How Elon Musk Can Help You Find the Next Home Run Stock?

Jon is a member of The Motley Fool Blog Network -- entries represent the personal opinion of the blogger and are not formally edited.

PayPal co-founder Elon Musk is one of the most widely known and celebrated businessmen of the past decade. The South Africa native has a knack for delivering results in some very unlikely areas. I intend to share with you why I was simply gobsmacked after looking at his recent accomplishments.

Space exploration, electric cars, and solar energy are the perfect recipe for failure. All three industries have mountainous obstacles to overcome in order to achieve success. Yet, Elon Musk is succeeding in all three. Why does this man succeed, and why should you care?

Space Exploration -- Set insane goals

Elon Musk started SpaceX in 2002. Ten years later, SpaceX's Dragon spacecraft made history by being the first privately-built spacecraft to dock at the International Space Station. The company now has contracts in place with NASA, the Air Force, and the Defense Department. This has led SpaceX to be the first space exploration company to ever make money.

Musk has done this by setting his goals very high. The goal for SpaceX is not to deliver cargo to the International Space Station, but rather to profit from a permanent 80,000 person settlement on Mars. To even write that last sentence makes me feel as though I'm describing the whims of a lunatic. But this insane goal has guided SpaceX to the very front of the private space company pack.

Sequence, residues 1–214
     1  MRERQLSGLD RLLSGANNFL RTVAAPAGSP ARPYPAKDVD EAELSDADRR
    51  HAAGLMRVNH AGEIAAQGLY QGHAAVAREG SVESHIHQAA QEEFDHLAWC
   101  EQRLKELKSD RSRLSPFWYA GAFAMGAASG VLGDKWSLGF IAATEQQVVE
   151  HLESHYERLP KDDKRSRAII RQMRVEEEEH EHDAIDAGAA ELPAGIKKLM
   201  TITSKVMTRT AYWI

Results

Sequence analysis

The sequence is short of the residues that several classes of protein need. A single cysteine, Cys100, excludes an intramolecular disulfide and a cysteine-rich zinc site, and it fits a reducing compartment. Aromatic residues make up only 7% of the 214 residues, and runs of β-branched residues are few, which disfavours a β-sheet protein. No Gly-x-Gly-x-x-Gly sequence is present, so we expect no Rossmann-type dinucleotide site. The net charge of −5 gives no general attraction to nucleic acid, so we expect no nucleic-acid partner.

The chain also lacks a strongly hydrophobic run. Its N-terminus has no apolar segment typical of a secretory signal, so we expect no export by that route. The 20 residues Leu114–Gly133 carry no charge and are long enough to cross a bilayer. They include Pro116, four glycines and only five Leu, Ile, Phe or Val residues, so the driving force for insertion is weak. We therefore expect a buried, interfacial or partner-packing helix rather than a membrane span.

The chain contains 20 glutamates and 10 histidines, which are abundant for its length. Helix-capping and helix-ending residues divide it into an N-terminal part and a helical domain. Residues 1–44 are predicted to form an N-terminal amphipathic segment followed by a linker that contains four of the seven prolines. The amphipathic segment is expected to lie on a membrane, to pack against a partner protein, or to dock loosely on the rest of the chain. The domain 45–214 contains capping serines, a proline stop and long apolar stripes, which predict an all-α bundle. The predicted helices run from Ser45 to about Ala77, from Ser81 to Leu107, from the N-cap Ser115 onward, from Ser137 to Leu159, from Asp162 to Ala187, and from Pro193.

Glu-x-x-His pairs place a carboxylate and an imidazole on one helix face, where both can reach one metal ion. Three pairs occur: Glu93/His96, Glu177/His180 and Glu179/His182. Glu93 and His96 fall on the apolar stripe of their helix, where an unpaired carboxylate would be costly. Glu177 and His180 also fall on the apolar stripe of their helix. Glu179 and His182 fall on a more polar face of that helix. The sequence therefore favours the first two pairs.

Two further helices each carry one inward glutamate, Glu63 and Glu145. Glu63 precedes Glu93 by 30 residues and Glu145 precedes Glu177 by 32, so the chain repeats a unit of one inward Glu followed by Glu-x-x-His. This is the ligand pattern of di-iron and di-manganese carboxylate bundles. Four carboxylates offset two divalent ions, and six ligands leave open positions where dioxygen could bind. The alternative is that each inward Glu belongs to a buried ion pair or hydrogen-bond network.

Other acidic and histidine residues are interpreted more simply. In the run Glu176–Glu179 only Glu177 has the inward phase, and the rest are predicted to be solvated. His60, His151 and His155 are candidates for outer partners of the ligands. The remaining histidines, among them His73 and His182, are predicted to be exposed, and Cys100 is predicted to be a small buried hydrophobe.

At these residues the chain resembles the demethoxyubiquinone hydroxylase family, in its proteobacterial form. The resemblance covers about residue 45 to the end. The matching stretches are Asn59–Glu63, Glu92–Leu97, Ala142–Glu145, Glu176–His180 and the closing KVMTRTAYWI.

Musk has downplayed all rumors of a SpaceX IPO anytime soon. Bummer.

Electric Cars -- Offer a superior product

Musk founded Tesla Motors (NASDAQ: TSLA) in 2003. This company also made history ten years after its founding by announcing its first profit, sending shares soaring 100% in a week and 180% over the last year. 

TSLA Revenue TTM data by YCharts

Tesla more than doubled its annual revenue in 2012, but perhaps it's not fair to compare Tesla's growth to established players like Ford and General Motors since it wouldn't be reasonable to expect them to grow revenue over 100% a year like Tesla. Rather than comparing Tesla to competitors, we should be addressing exactly how it was able to accomplish this growth.

Tesla has out-engineered Boeing (NYSE: BA).  Boeing experienced a disaster when a lithium-ion battery from one of its 787 Dreamliners caught fire and in so doing, grounded all 787 flights for nearly five months. Tesla also uses lithium-ion batteries, but of a completely different design. Boeing's batteries are composed of 8 cells, while Tesla's have thousands of smaller isolated cells specifically designed to prevent a "domino effect" -- the effect that caused Boeing's battery to blow up.

The issue surrounding the lithium-ion battery is just one example of how Tesla out-engineered its way to 2013 Motor Trend Car of the Year. It has created a product superior to all other electric cars available, but this innovation comes at a cost. Tesla is intentionally marketing its cars to high-end customers who are prepared to pay a premium. The company sold nearly 5,000 vehicles in the first quarter, proof that its strategy is working.